Contrast that to a typical play in the NFL. Patrick Mahomes calls a play based on the current down and distance. He takes the snap, and all hell breaks loose. He must make multiple decisions based on the huge number of events quickly unfurling around him. After that play, he huddles with his team and quickly calls another one, all the while knowing one bad pass could cost him the game or he could be knocked unconscious—or worse—by a 350-pound linebacker who literally is trying to kill him. Chaos, uncertainty, making decisions on the fly: That’s a day in the life of a high-growth company. Every plan feels like it could be his last—he has no “portfolio”—and tomorrow seems like a meaningless consideration.

Rising Tensions at Investment Time

The contrasting approaches of investors and entrepreneurs meet head-on when it’s time for a company to raise a funding round. And if each side isn’t careful, what should be a momentous event in a company’s history can strain relations long after the deal is done.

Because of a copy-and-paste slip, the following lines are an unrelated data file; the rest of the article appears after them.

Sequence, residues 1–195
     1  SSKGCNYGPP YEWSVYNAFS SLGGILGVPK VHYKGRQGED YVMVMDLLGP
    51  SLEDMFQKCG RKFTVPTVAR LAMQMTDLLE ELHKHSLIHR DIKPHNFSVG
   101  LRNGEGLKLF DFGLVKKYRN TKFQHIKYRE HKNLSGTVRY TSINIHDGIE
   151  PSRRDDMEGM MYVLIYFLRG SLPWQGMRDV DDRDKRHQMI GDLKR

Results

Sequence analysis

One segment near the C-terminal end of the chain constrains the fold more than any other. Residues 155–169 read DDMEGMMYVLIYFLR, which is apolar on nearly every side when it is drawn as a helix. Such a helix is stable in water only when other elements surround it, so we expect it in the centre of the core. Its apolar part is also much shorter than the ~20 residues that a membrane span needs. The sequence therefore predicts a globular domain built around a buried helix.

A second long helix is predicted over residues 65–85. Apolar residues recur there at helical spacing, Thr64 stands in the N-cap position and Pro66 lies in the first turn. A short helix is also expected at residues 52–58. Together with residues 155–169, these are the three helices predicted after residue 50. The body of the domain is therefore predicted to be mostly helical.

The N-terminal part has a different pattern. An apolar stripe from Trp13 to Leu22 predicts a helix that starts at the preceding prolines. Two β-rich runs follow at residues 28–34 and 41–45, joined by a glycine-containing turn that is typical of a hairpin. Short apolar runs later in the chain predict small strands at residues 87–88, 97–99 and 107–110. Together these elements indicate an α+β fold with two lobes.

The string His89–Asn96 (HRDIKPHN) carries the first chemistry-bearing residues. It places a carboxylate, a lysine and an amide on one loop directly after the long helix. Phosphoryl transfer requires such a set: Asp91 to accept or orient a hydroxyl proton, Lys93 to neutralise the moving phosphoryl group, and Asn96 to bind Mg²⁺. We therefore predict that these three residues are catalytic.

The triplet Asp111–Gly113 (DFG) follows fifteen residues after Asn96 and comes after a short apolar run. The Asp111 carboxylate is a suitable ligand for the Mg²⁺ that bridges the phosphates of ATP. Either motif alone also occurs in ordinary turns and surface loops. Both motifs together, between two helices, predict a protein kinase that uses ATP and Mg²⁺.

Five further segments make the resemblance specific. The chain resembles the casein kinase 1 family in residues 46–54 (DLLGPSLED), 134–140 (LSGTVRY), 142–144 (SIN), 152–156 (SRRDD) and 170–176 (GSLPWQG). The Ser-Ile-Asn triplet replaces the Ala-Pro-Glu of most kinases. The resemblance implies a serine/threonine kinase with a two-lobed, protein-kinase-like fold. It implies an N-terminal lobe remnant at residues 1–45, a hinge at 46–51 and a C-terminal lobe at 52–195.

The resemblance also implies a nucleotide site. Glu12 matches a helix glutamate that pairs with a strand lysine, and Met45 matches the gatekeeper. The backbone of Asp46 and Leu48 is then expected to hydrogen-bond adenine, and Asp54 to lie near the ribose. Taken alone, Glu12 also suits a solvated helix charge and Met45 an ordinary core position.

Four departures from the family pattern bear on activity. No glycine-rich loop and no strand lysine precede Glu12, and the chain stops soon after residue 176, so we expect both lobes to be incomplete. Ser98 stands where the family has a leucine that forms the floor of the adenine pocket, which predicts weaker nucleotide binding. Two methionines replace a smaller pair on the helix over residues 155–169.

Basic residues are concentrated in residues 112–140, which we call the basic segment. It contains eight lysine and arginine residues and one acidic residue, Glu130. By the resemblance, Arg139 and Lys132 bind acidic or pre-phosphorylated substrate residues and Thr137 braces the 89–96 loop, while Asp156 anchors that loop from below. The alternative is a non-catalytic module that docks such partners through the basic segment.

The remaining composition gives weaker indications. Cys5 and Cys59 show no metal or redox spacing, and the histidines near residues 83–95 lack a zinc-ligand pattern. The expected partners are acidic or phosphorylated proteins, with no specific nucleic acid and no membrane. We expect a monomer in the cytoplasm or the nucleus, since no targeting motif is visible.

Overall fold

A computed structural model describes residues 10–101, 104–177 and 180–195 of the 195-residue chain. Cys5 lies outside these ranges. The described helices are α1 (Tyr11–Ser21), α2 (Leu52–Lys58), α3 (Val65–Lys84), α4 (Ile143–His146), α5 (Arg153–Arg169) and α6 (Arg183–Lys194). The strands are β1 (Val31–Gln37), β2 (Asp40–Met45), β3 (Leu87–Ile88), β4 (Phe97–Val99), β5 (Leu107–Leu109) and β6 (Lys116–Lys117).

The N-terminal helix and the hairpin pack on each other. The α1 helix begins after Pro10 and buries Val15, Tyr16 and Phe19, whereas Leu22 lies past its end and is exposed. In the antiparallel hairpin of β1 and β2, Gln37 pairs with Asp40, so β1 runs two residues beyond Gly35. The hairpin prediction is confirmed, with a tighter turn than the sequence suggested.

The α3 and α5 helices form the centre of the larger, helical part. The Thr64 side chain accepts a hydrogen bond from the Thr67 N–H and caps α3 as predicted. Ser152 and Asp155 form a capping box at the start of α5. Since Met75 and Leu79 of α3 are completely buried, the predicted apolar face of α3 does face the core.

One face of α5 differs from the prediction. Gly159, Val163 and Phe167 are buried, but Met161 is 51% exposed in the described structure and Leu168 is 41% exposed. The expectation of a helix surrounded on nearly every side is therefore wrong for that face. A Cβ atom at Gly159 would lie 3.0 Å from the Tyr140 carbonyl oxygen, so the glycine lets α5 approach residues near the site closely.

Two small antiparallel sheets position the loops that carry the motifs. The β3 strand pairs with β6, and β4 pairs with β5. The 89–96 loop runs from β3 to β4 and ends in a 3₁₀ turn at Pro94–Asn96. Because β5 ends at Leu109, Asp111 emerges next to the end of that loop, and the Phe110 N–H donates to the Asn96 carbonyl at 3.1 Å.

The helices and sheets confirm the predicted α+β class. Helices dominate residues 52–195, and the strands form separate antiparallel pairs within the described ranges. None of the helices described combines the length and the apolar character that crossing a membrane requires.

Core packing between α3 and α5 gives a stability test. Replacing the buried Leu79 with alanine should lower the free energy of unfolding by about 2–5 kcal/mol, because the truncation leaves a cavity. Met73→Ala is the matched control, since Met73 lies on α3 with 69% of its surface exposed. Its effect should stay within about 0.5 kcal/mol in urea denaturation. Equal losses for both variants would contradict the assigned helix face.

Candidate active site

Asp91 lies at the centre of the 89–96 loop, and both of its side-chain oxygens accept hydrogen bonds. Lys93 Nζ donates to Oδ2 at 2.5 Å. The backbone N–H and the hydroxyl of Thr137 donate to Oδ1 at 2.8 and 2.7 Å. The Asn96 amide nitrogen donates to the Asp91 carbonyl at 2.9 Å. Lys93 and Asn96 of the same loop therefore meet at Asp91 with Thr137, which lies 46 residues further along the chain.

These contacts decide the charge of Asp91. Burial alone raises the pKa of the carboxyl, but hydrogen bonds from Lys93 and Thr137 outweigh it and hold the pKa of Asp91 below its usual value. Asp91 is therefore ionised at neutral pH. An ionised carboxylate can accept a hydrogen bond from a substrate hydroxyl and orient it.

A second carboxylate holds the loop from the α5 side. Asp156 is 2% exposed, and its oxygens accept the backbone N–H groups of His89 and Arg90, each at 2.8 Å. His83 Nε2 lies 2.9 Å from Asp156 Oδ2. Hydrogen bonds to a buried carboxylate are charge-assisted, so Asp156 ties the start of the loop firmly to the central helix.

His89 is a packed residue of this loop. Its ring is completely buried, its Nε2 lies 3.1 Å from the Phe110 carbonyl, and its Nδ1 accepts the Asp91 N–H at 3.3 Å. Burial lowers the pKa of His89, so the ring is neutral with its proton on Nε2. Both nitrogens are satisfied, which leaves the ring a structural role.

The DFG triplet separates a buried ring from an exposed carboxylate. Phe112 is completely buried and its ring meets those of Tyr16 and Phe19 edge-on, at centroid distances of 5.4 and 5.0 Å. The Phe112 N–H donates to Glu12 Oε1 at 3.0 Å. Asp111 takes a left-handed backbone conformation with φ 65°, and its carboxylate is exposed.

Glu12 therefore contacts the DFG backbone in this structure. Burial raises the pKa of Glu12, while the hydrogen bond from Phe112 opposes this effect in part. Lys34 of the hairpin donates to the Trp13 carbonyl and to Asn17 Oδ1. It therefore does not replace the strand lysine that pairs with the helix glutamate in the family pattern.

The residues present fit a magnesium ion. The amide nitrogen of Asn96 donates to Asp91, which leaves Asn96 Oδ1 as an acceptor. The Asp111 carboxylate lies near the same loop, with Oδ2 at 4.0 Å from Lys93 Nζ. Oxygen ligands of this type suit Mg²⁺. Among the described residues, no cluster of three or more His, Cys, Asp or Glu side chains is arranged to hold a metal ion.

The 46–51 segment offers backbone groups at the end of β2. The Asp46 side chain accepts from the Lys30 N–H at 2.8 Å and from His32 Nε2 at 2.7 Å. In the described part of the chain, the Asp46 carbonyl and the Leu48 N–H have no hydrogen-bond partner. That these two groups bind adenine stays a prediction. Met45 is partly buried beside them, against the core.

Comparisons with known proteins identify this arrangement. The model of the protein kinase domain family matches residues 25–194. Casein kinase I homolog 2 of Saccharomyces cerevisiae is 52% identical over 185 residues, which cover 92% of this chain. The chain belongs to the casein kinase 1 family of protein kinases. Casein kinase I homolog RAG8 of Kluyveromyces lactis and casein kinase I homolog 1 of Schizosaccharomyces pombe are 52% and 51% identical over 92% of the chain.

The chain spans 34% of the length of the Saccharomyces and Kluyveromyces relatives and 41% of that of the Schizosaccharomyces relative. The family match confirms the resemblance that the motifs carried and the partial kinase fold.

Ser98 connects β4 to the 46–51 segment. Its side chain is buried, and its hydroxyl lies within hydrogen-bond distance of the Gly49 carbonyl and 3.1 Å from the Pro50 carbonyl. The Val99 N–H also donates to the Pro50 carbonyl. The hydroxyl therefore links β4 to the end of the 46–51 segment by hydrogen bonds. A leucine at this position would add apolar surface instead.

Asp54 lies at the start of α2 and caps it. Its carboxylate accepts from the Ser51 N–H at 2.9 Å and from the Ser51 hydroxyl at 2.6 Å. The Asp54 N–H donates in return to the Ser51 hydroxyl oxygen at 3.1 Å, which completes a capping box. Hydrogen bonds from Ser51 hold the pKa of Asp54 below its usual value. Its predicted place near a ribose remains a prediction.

It begins with the process of determining a point estimate, essentially the best guess at how much the company is worth. It’s almost ridiculously difficult, building a specific business case that takes into consideration terms, price, ownership and dozens of other factors. When markets and valuations are experiencing incredible volatility – as they are now – these differences get magnified dramatically. But the process is critically important to the investors. The sad part is that 99% of an investor’s success will be determined by the investment she chooses to make and the price that is to be paid for that investment. Just about everything else is noise.